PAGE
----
What brands are leading the way in this space?

What brands are leading the way in AI and machine learning, and gosh, there are so many, but it’s all the big technology companies that you know of Amazon, Google, Facebook, IBM, Apple, right?

it’s a big technology company, you know, Microsoft, all these companies and brands are leading a lot of the commercialization of this technology. And then you also have an enormous amount of open source projects and software and developers and creators that are at the very cutting edge.

These are folks that are creating models. Aren’t necessarily ready for prime time, but you can see hints of wit where the technology is going and those are things to pay attention to as well, because if it’s happening in academia now, you know, in two or three years, it’ll probably be commercial.

And if you have your ear to the ground and you are collecting information and you are, you’re doing a good job of making sure your data is clean when those models become available. As soon as they’re available, even if they’re not ready for prime time, if you have the right people in place, you can take advantage of them much sooner and jump ahead of the crowd, if you will, any time there’s a model that could provide substantial benefit to a business. And I should say that just for folks who are not in the data science and air space.

When I say the word model like a machine learning model, we’re really just talking about a piece of software. No different than Microsoft Word, right? It’s just that instead of humans writing it, which humans wrote in Microsoft Word, these A.I. models are software written by machines for machines. That’s all they are. See this in the video.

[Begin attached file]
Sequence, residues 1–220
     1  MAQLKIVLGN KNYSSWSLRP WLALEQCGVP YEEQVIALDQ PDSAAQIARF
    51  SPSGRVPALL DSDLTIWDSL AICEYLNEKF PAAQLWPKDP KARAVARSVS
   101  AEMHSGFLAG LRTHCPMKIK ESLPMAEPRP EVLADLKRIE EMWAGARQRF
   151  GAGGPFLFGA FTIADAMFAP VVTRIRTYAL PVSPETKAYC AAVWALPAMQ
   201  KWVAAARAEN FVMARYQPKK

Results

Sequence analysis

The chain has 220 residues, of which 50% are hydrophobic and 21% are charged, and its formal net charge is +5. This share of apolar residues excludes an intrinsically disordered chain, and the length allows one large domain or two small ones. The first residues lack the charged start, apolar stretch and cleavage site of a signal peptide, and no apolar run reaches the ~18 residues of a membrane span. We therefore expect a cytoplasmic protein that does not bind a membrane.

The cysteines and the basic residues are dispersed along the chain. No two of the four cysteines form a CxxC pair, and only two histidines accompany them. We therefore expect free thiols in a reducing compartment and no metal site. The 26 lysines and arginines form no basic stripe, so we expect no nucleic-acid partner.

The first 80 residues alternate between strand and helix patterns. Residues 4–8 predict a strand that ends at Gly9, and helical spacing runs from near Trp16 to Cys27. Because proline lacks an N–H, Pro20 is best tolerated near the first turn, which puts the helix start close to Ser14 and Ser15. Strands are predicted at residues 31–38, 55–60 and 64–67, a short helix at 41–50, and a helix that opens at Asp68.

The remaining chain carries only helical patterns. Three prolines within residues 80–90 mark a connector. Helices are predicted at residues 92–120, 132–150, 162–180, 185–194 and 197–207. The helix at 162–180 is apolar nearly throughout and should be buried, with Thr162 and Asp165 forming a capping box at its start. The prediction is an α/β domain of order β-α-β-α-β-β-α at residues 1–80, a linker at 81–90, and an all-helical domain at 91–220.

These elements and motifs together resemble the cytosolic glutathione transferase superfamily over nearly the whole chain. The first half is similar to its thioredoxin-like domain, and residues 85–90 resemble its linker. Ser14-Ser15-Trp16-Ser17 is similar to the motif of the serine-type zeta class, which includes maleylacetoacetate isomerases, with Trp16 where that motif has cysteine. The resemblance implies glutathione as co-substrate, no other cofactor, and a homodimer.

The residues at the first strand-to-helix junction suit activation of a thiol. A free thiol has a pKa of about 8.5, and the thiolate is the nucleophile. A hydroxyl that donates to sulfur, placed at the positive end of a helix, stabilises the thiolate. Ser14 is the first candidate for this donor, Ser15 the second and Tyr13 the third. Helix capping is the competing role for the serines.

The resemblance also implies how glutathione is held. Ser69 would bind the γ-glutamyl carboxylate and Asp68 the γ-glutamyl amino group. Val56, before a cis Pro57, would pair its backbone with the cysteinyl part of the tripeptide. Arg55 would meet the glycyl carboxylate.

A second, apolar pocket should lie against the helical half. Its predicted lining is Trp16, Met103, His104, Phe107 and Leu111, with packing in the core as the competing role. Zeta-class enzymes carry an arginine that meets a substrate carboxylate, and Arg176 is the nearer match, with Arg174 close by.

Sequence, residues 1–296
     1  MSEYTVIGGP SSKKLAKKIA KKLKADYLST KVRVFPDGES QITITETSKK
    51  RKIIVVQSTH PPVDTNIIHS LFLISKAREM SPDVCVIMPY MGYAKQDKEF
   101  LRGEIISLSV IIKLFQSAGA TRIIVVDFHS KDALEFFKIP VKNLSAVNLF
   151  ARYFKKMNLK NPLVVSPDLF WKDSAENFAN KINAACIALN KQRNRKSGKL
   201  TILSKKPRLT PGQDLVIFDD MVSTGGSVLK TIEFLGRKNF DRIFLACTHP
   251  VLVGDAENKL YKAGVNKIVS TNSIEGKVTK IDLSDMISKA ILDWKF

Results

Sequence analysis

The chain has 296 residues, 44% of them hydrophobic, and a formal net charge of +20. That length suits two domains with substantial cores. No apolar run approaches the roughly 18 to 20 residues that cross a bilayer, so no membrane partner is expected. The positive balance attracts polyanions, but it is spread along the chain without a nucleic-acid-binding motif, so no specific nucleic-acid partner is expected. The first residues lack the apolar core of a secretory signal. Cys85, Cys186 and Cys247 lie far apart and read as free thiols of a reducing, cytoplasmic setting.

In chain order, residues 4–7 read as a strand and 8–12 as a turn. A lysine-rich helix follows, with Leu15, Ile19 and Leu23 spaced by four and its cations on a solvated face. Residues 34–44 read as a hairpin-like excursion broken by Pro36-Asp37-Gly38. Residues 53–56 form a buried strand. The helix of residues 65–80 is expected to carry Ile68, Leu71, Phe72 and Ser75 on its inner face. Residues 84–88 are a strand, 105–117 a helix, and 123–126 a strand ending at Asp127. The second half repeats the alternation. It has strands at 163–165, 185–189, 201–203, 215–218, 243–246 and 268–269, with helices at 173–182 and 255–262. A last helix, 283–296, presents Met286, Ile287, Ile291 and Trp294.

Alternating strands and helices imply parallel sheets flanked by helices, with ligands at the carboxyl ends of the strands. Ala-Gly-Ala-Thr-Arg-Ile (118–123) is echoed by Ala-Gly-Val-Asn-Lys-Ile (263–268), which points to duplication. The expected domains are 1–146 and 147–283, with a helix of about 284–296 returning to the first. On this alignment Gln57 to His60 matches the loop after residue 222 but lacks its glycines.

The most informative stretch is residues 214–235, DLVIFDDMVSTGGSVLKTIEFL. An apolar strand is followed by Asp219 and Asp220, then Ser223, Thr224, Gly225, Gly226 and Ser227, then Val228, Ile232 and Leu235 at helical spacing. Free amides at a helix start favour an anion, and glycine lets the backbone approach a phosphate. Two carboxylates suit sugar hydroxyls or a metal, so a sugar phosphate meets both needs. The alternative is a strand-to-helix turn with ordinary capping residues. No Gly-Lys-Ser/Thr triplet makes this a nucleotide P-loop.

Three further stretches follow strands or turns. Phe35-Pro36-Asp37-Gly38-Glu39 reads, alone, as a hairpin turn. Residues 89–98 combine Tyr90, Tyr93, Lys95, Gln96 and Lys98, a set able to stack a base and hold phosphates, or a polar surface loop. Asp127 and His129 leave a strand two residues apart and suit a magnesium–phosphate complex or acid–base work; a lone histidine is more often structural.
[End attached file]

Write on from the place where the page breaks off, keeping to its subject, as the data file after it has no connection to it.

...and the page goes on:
If a brand wanted to work with you, which activities would you be most interested in collaborating on?

If a brand wanted to work with me in terms of activities, gosh, I mean, pretty much happy to try out anything podcasts, webinars, conferences, speaking on stage beta testing. I do a lot of work with IBM, for example, as a sponsor user, so I talk to their development teams and give early product feedback and stuff.

It really is depending on what the brand has gotten, whether it is real and credible and good and useful, and it doesn’t have to be, you know, some massive new product relaunch. It can be to say, Hey, we’ve got this cool little new widget. What do you think about it taking a look at it? I will take a look at anything that’s credible and that is aligned with my personal and professional interests. See this in the¬†video.

What are your passions outside of work?

Passions outside of work. This there’s so many do to tackle this, things like the martial arts, there’s writing fiction, there’s writing nonfiction, there is music and stuff.

There is just hanging out, being a part of digital and hybrid communities and chatting with interesting people, writing code for my own pet projects and things. There’s a lot in terms of fun, little technology things.

I am a camera and microphone and keyboard addict. I am constantly trying out new gadgets all the time just to see if they are worth it, they live up to the hype that the brands put out, and sometimes they are. Sometimes they’re not. I’m actually trying out a new microphone to see under my collar here and seeing these new wireless microphones do what they say they’re supposed to do. So lots and lots of fun things that eventually in some way find their way back to commercial and world usage. I was helping moderate a fan fiction writing contest at one point, and I wrote some code for analyzing the linguistic characteristics, natural language processing around the contest entries.

And of course. Sure enough, nine months down the road, that code got reused in a commercial product that we used to trust in sites. And so wherever possible, I try with them. The limited-time I have to make as many interests cross over as possible so that things from one domain can cross into another domain. See this in the video.

What would be the best way for a brand to contact you?